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Race, Poverty and SAT Scores: Modeling the Influences of Family Income on Black and White High School Students’ SAT Performance


by Ezekiel J. Dixon-Román, Howard T. Everson & John J. McArdle — 2013

Background: Educational policy makers and test critics often assert that standardized test scores are strongly influenced by factors beyond individual differences in academic achievement such as family income and wealth. Unfortunately, few empirical studies consider the simultaneous and related influences of family income, parental education, and high school achievement on college admissions test scores.

Focus Of Study: This research was animated by the nagging question of the association of family income with SAT performance. For example, is the relationship between family income and SAT performance non-linear? Does the relationship differ markedly by race? More importantly, how strong are the effects of poverty on SAT performance?

Research Design: This study is a secondary analysis of a large national sample of Black and White college-bound high school students who took the SAT in 2003 (N = 781,437).

Data Collection And Analysis: Employing data from the College Board’s Student Descriptive Questionnaire, this study used structural equation modeling (SEM) to estimate the effects of family income on SAT scores for Black and White examinees accounting for the simultaneous effects of parental education and high school achievement.

Findings/Results: Results suggest the effects of family income on SAT scores, though relatively modest in contrasts to high school achievement, are substantial, non-linear, and nearly twice as large for Black students. Moreover, the unstandardized direct effect of high school achievement on SAT performance is not enough to address the substantial effects of poverty for Black students.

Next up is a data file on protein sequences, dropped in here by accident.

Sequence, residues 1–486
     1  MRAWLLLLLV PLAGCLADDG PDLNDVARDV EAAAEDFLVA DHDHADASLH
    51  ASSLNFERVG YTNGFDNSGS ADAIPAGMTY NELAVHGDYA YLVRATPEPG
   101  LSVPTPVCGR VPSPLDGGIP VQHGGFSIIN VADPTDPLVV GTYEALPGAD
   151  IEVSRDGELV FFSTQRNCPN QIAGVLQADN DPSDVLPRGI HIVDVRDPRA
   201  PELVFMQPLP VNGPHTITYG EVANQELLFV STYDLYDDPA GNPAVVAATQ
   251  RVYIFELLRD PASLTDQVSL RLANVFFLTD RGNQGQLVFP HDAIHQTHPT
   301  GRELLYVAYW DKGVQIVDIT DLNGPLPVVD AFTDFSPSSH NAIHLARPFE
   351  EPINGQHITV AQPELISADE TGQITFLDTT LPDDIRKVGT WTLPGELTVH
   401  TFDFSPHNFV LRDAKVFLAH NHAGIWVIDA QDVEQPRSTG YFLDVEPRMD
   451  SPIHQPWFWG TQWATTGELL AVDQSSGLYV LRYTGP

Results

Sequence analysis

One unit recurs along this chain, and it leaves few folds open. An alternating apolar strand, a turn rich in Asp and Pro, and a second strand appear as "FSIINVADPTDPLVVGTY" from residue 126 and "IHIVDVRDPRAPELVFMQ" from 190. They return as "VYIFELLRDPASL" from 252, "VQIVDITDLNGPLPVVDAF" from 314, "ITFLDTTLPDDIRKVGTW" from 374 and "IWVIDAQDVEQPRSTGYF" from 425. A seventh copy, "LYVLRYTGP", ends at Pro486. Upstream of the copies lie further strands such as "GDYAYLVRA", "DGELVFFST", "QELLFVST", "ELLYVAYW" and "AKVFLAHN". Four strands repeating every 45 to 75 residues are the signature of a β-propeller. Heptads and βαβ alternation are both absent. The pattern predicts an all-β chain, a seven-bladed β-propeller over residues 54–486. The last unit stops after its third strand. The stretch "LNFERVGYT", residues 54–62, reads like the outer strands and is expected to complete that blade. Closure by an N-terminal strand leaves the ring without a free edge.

Conclusions/Recommendations: The findings are discussed with respect to social inequality and educational opportunity in college admissions.



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Cite This Article as: Teachers College Record Volume 115 Number 4, 2013, p. 1-33
http://www.tcrecord.org ID Number: 16925, Date Accessed: 10/25/2014 9:51:34 PM

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About the Author
  • Ezekiel Dixon-Román
    University of Pennsylvania
    E-mail Author
    EZEKIEL J. DIXON-ROMÁN is an Assistant Professor of Social Policy and Education in the School of Social Policy & Practice at the University of Pennsylvania. His research is on the intersections of the sociology of education, cultural studies, and quantitative methods. In addition to his edited volume, Thinking Comprehensively About Education (with Edmund W. Gordon, Routledge, 2012), he is writing a single-authored volume tentatively titled Inheriting [Im]Possibility.
  • Howard Everson
    City University of New York
    E-mail Author
    HOWARD T. EVERSON is Professor of Psychology and Senior Research Fellow at the Center for Advanced Study in Education, Graduate School, City University of New York. Professor Everson’s research and scholarly interests focus on the intersection of cognition and assessment. He has published and contributed to developments in educational psychology, psychometrics, and quantitative methods.
  • John McArdle
    University of Southern California
    E-mail Author
    JOHN J. (JACK) MCARDLE is Senior Professor of Psychology at the University of Southern California where he heads the Quantitative Methods training program. His research has been focused on age-sensitive methods for psychological and educational measurement and longitudinal data analysis including publications in factor analysis, growth curve analysis, and dynamic modeling of adult cognitive abilities. He is now writing a book on longitudinal structural equation modeling with J.R. Nesselroade (APA Books, 2013).
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